Humane Society Director committed to improvements

Kim Nock has been serving as Executive Director of the Humane Society since August.

Kim Nock is settling in to one of the community’s most difficult and high-profile jobs. Her deep local ties and intense love for animals could help her succeed.

“I want every animal to be loved and cared for as if this was their home and ultimately reduce the number of animals that need to come into our facility,” said Nock, who has served as Wicomico Humane Society Executive since summer.

The Salisbury native had volunteered with the organization three years before she was hired to serve as its director.

“I walked into the (Humane Society of Wicomico County facility three years ago,” said Nock, “and I knew the moment I entered the doors my life had changed.”

Nock was born and raised in Salisbury, and has deep roots here on Delmarva.

 “I have my parents here and could not imagine being anywhere else,” she said. “I love our coastal area and summers spending time at the beach.” 

Although she felt that immediate connection with the Humane Society, she quickly sensed some tensions within the organization.

“I did notice a sense of unhappiness among the employees but chalked it up to them being witness to so many unhappy situations,” she said. “However, the more I was here, the unhappier I was with how things were handled with the staff, animals and public.”

In recent years the Humane Society has been through a torrent of troubles.

Its former Executive Director Aaron T. Balsamo, pleaded guilty last fall to felony theft for stealing of tens of thousands of dollars from the organization. After being placed on administrative leave in August 2018, former director Kevin Usilton stepped in to serve as interim director prior to Nock’s elevation.

Nock said despite the tensions and seeing the shelter go through some rough times while she was a volunteer, she never considered abandoning it.

“Something in my heart told me this place and these employees were worth fighting for,” she said. “But the only job I ever would want here is the director’s position, because it is the only job where I could truly make a difference.”

Nock brought to her new position 25 years of managing her family’s photography business.

“I am not a job hopper,” she said. “Once I commit to someone, I give them 110 percent and have always left on a positive note. I treat every business as if it were my own.”

She attributes her carefully honed people skills to her experience running a local restaurant before moving into the corporate restaurant business for a time.

“I think this was a very appealing trait when I applied for my position,” she said. “They knew I would be someone who was good with the public and would be in it for the long haul.”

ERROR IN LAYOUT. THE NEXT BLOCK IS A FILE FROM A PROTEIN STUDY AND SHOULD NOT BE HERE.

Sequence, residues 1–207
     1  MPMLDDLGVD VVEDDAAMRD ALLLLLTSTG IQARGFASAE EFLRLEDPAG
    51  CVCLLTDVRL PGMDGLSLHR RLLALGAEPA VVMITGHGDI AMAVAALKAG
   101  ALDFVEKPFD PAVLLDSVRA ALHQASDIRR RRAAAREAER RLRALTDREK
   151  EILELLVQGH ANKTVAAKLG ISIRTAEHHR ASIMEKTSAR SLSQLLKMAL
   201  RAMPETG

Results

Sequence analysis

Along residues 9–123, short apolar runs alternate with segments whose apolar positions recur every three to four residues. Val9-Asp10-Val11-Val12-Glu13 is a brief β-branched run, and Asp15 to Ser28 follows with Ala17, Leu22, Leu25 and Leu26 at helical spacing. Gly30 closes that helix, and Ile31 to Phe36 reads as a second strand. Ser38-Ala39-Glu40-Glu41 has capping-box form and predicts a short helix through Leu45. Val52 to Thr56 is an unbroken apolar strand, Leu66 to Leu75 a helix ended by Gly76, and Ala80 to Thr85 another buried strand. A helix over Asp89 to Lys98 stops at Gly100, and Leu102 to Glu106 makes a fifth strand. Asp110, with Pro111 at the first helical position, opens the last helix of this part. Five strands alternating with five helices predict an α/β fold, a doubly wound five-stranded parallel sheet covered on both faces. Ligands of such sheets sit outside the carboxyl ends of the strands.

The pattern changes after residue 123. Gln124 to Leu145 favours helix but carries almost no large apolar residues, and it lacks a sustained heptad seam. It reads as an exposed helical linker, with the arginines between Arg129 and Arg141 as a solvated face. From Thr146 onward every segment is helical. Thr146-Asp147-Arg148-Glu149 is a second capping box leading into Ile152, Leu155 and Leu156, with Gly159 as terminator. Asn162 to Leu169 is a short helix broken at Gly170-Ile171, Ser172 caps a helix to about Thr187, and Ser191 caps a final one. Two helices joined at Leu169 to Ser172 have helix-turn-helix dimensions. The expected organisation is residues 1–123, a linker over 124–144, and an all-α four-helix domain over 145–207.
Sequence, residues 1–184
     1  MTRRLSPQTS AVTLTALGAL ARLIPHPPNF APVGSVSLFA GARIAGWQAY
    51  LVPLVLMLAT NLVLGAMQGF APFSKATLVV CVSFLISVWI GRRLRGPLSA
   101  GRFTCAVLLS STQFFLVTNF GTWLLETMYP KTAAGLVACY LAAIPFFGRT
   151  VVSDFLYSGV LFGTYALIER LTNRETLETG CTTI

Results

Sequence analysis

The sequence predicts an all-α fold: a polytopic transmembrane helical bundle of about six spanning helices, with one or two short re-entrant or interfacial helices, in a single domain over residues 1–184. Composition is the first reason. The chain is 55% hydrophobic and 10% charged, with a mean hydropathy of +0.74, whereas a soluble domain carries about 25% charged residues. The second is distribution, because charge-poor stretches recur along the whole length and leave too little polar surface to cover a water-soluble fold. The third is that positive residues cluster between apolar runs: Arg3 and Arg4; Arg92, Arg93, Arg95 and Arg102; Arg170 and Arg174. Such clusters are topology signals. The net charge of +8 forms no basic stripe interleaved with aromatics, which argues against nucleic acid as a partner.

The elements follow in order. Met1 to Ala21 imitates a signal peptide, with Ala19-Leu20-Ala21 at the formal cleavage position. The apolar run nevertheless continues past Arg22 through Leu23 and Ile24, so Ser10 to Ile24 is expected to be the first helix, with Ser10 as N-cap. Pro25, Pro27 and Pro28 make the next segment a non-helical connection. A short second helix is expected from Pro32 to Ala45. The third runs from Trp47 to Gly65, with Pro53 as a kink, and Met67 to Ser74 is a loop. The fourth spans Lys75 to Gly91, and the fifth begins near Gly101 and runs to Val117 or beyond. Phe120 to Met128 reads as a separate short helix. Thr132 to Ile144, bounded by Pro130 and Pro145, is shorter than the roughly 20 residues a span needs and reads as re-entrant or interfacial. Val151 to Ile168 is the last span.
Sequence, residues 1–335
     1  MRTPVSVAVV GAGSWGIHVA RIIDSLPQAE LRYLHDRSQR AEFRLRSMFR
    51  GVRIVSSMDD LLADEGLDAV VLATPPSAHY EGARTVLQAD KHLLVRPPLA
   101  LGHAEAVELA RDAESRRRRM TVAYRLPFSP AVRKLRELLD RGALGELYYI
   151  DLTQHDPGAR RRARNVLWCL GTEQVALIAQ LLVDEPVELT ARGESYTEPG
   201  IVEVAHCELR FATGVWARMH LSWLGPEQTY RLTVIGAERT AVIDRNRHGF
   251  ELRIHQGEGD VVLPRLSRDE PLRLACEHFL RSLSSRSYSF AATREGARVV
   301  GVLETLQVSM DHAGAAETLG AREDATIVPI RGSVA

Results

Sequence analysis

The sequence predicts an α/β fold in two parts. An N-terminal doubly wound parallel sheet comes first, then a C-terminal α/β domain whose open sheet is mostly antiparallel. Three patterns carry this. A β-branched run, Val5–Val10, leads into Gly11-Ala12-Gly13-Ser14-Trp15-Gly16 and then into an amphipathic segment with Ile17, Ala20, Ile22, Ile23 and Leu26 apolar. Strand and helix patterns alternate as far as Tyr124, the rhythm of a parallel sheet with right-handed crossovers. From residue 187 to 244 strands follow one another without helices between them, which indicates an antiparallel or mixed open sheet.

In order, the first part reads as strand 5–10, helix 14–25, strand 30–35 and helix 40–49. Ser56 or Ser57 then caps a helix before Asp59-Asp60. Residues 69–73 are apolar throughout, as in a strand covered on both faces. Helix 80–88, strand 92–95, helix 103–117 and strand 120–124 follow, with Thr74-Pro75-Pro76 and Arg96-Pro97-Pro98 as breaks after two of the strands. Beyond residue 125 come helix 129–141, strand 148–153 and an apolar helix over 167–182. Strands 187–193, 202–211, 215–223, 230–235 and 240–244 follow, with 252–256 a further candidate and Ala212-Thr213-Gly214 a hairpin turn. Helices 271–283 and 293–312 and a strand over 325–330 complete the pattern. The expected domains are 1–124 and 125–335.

Nock said she aims to have a Humane Society that the community, staff and volunteers can be proud of.

She said everyone asks her how she keeps herself from taking all the animals at the shelter home with her.

“It’s easy when you have upwards of 70 that you live with from 8 a.m. to 5 p.m.,” she said. “My little ones at home don’t play nicely with others, but in the future, I will have two or more ‘pitties’. I adore them and their personality.”

Nock shares her home with two “chiweenies” — a cross between a chihuahua and a dachshund.

Her biggest challenge she said, is living down past issues the shelter faced.

“When you lose the pubic trust, it is hard to get it back. I want people to know this is not the same shelter, and we are going above and beyond every day to show that,” Nock said.

The Humane Society of Wicomico County is not a no-kill shelter, but its primary function is to help pets find new forever homes through adoption.

The facility’s live release rate, Nock said, was 54 percent when she took over in August, but is now, six months later, 86 percent.

“We have achieved that through building relationships with other shelters, rescues and cat organizations,” Nock said. “We are all a team here and I am proud to be a part of it.”

Nock is mindful of the codes and laws governing the facility in Wicomico County, but is also working to tighten up some codes she believes need to be addressed.

She asks patience from county residents because it cannot all be fixed overnight.

“It is a process,” she said. “I welcome everyone to come out and visit, to see for yourself. We have a huge volunteer base and are always happy to welcome new people.”

The Humane Society also has a “foster to adopt” program that allows animals to be placed in the best possible homes and is also working to provide Wicomico residents with affordable services, including spay/neuter events.

For anyone who is planning to acquire new pets, Nock has some advice.

“Adopt, don’t shop,” she said. “Treat your animals like they are your family. You wouldn’t put your family outside to spend days alone, so you shouldn’t do that to your animals. If you are in need, don’t make giving up your animal the first option. We are here to help.”

The Humane Society will hold a fashion show fundraiser — “Struttin’ Our Mutts” — at Green Hill Country Club in Quantico on Sunday, April 26. Call 410-749-7603 for more information.

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